I definitely can’t claim to ever be half as smart as THE Mark Zuckerberg, but I can definitely relate to this scene in The Social Network movie:
Yesterday I had met with my anthropology TA, Madi Whitman to ask her about how to avoid “biases” when gathering and analyzing big data (which is her phD research).
I had initiated this meeting because I wanted to make sure as I was gathering data for the research paper project, I would consider all points of view. Also, there was this one story I heard when I was part of the global engineering programs as a freshman, that reminded me to consult liberal arts majors when doing a project no matter how technical it sounds. It was about how this Purdue Engineering team went to Africa and boasted about how their water turbine could easily provide energy to the rural village. However, when the team tried to implement this project it didn’t work with as much ease. Later, the team found out that the type of plants that the people in the village preferred to eat and grow had seeds that would impede the water turbine’s function. In conclusion, I learned from this anecdote that different disciplines of studies should always be consulted if possible when starting a project.
Anyway…back to Madi and my conversation…Eventually, Madi and I came to the conclusion that there is no way to be unbiased when sampling and gathering data, but being aware and stating these assumptions beforehand are the key to approach them. That was a good reminder for my research project.
I had a feeling that somehow this class, anthropology (the study of humans) would relate to my growth and learning in sports statistics, and it finally happened today…in the middle of recitation.
We were learning about ways to measure intelligence, and while people usually think of IQ and even EQ, there’s additional social case study that isn’t necessarily critical to survival. However, this social perspective could enhance one’s life…or one’s game (in my case).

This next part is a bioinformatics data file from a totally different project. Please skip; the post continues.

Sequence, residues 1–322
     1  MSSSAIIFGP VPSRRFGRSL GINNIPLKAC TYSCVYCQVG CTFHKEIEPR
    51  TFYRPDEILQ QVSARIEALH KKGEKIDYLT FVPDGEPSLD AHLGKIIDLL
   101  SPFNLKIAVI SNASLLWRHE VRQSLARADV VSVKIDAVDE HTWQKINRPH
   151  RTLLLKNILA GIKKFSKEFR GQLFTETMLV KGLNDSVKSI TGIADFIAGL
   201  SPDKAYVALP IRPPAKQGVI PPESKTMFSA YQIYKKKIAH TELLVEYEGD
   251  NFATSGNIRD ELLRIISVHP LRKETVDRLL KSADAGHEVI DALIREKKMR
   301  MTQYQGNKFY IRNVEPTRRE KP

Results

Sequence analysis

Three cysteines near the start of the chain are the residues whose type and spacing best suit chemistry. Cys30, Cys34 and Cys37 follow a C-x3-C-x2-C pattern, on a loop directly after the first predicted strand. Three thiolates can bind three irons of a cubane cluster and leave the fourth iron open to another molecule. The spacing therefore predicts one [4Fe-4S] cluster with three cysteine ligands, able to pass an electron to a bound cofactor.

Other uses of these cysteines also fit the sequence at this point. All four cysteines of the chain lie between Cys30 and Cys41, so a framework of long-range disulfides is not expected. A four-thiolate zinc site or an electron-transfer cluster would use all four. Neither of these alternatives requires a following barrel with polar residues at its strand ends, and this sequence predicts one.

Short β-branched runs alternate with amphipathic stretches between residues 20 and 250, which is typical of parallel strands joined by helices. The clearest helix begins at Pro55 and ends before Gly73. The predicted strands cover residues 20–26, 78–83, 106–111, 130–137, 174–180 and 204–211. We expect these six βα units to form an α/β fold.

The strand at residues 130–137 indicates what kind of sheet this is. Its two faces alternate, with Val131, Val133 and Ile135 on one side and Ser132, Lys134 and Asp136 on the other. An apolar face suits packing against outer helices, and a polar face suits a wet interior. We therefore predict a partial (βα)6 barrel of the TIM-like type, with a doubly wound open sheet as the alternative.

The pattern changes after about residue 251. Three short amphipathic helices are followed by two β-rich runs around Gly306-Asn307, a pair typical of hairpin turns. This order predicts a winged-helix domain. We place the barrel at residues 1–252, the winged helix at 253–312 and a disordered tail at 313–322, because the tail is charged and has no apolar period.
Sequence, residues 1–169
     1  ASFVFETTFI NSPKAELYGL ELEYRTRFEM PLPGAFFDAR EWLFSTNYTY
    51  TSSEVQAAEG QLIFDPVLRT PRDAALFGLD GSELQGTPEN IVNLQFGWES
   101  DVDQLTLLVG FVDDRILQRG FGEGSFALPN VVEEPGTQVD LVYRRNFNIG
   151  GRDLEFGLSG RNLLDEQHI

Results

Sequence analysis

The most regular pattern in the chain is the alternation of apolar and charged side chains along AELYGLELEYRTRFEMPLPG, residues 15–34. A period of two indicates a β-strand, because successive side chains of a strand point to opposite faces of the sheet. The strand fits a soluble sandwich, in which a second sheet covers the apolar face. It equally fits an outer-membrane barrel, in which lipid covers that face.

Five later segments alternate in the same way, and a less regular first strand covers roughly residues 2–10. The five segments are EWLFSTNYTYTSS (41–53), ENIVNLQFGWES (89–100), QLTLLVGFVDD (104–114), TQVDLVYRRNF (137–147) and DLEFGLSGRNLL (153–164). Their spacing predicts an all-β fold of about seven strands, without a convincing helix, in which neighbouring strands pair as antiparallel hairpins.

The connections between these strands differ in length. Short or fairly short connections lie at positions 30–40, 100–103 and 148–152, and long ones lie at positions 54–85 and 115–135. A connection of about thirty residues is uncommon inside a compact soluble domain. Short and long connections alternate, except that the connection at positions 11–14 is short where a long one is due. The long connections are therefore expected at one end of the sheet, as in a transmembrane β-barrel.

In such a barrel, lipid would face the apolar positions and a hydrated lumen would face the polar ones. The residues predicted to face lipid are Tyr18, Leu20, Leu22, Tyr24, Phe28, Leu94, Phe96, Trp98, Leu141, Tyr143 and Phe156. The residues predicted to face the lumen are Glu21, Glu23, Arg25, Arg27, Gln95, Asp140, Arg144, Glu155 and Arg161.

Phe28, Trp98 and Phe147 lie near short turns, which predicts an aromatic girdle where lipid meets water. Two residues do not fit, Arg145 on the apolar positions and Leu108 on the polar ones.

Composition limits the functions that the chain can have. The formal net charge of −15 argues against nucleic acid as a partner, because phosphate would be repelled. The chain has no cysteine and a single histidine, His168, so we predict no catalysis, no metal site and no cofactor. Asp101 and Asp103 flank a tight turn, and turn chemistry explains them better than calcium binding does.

The objective of the Hackathon in SSAC ’17 has really had me losing sleep (The Objective). How to “measure the immeasurable” seemed like a theme that couldn’t be bullshitted around and I really wanted to think of a monumental idea that would make me proud to present. As we were learning about Machiavellian principles, and learning about how it is believed that the more developed the human is the better they are at recognizing emotions and faces and putting themselves in another’s shoes; I was able to come up with an application to sports.
The MVP at the end of the game is usually the one who scores the most, but there is also usually credit also to the “smart” player. I will have to figure out how to define and quantify “smart.” In general, a smart player is one who can see what most other players don’t. These are the play makers, the sneaky passers, the agile short players who can somehow navigate through the crowd of more built players. If I could somehow figure out a way to calculate a players “score” based on facial, situational, and spatial recognition to determine how they rank as a “smart” player, that would be ideal.
I also think that idea would answer “measuring the immeasurable,” because I will be trying to measure the social intelligence of players and it will be quite a challenge.